A time delay of approximately 20 minutes from power-up is counted down by the software, after which the oscillator should have reached 'parts in 10E8' accuracy. At this point the 1Hz Timing output is again realigned with the GPS(UTC) pulse to correct the timing error that has accrued during the oscillator warm-up period. The 1Hz marker pulse will continue to drift away from UTC, but now at a reduced rate of about 3 microseconds per minute.

After a further period, of approximately 10 minutes, the CONTROL STATUS light will switch on; this indicates that the frequency control system has started drift correction. At this point, the Date/Time outputs (at the RS232 ports) will again be corrected to satellite time and the 1Hz marker pulse will be finally realigned with UTC. Thus the complete warm-up cycle from power-on to full performance is completed in less than 30 minutes, although in many applications the unit may be regarded as serviceable after half this time.

Once the CONTROL STATUS indicator is on, there will be no more phase-jumps in the 1Hz Timing signal, all further adjustment to maintain UTC alignment being achieved by 'steering' the oscillator frequency. The frequency drift-corrections involved in this process will take place at intervals of 512 seconds (8min 32sec).

The CONTROL STATUS indicator will remain on during normal operation unless the frequency reference should be disturbed by (say) a power break, GPS failure, severe temperature shock etc. Under such conditions, the oscillator control voltage is locked at the previous value (held in nonvolatile memory) until the drift-correction process has re-started.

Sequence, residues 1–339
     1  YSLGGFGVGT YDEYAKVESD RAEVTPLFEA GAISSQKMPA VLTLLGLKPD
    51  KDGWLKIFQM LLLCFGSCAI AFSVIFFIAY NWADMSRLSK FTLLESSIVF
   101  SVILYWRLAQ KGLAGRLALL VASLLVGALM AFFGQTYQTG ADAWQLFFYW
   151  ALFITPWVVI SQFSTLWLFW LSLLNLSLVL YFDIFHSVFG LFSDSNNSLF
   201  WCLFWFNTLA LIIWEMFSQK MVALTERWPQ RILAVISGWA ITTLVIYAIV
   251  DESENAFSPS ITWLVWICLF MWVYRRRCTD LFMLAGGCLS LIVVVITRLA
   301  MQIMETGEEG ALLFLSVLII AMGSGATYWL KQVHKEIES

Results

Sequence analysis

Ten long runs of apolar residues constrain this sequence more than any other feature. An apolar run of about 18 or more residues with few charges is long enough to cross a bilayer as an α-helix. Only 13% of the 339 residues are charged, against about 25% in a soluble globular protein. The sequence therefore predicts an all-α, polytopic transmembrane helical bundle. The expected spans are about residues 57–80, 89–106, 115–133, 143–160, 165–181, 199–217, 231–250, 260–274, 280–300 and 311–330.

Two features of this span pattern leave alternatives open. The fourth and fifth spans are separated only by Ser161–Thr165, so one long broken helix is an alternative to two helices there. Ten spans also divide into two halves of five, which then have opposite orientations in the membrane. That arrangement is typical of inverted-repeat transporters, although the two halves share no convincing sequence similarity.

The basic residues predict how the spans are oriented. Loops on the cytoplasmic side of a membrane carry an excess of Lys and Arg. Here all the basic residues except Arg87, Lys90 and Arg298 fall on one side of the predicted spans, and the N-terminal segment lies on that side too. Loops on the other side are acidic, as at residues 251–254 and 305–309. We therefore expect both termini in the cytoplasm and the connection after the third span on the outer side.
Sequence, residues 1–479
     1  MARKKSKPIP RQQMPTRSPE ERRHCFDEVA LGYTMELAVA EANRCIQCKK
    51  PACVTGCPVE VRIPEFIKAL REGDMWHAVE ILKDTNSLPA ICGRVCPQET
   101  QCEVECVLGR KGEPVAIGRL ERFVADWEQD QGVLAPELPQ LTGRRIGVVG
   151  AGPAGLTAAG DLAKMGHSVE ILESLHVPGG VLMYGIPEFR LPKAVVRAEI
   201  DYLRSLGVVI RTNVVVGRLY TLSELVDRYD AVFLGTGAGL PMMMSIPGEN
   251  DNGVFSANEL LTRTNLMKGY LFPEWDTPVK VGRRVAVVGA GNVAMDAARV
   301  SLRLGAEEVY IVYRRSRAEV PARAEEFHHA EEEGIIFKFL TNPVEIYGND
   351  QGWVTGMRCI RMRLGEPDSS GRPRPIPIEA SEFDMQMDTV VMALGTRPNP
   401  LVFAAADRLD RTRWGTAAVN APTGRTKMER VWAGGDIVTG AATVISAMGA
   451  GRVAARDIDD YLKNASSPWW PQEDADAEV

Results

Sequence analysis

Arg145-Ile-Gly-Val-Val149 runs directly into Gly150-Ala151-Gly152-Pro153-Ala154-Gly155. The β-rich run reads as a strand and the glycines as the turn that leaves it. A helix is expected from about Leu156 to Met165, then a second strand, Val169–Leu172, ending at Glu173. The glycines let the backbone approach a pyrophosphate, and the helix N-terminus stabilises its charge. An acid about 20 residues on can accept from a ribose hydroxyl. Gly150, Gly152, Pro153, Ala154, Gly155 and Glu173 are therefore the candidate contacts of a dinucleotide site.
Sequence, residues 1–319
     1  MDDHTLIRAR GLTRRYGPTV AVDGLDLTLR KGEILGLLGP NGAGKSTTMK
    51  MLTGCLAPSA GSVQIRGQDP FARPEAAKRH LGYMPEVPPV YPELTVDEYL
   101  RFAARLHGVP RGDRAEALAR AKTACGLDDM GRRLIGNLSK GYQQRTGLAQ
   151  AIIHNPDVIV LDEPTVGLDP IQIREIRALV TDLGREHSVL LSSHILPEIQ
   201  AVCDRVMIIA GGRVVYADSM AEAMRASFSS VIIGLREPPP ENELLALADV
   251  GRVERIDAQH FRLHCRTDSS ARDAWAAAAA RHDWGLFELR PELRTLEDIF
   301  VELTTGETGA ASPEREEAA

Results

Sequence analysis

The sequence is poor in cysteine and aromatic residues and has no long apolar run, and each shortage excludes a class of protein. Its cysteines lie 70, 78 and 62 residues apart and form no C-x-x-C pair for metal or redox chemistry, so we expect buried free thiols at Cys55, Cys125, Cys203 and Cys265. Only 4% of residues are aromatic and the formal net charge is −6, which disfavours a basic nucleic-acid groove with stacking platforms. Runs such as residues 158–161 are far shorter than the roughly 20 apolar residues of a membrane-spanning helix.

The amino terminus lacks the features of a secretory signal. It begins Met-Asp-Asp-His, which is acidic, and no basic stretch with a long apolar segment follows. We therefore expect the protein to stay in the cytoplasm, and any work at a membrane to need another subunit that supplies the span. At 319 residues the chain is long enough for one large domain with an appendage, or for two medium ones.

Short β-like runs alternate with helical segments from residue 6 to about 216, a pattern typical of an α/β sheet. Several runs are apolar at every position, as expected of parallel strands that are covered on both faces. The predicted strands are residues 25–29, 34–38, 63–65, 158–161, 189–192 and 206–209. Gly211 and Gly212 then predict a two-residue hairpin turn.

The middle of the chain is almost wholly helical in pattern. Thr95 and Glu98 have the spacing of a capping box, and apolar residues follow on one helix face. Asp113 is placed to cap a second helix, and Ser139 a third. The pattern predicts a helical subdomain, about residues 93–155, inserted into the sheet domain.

Back in 2007 when I built my own GPSDO I used a ‘surplus’ PCB-based active antenna which I mounted in a little plastic box. This was mounted outside on a pole attached to the mast supporting my UHF and uWave antennas. A few years ago this failed and since low-cost GPS puck antennas had become available I bought one and simply placed it on the LNB arm of our redundant Freeview Satellite dish … and there it sat happily doing its job until last weekend.

Now with my newly acquired Rapco GPSDO I decided to attempt to mount the puck clear of the roof. In the process I removed the dish and the failed GPS PCB antenna from the mast.

Using a U-bolt salvaged from the dish, I clamped an L-shaped piece of steel plate to the top of the pole that supports my 2.3GHz beacon yagi, and placed the magnetic puck on top; see the photograph on the left. It isn’t an ideal position since there will be some obstruction from the rotator body but the receiver never sees less than 8 satellites at any time. I should probably also provide some UV protective cover for the antenna.

The RS-232 port on the rear of  the 1804P9 provides an ASCI stream derived from the RAW NMEA data from the Trimble RX.
David GM8ARV has written a little program for displaying this on a Windows-based PC. Originally written for the 1804M there were one or two elements of data that were either missing or incorrect. However after providing David with a sample of the ASCII output from the 1804P9, he kindly made a few tweaks to his program so that the PDOP and Mode fields are now correct. The 1804P9 does not output an ‘Average Position’ periodically, so that field remains blank. On the other hand, the P9 outputs a parameter labelled ‘DAC output’ every 512s once a fix has been obtained and Control asserted. I believe this to be the Oscillator Steering Voltage in millivolts.
G3RUH, Trimble, GM8ARV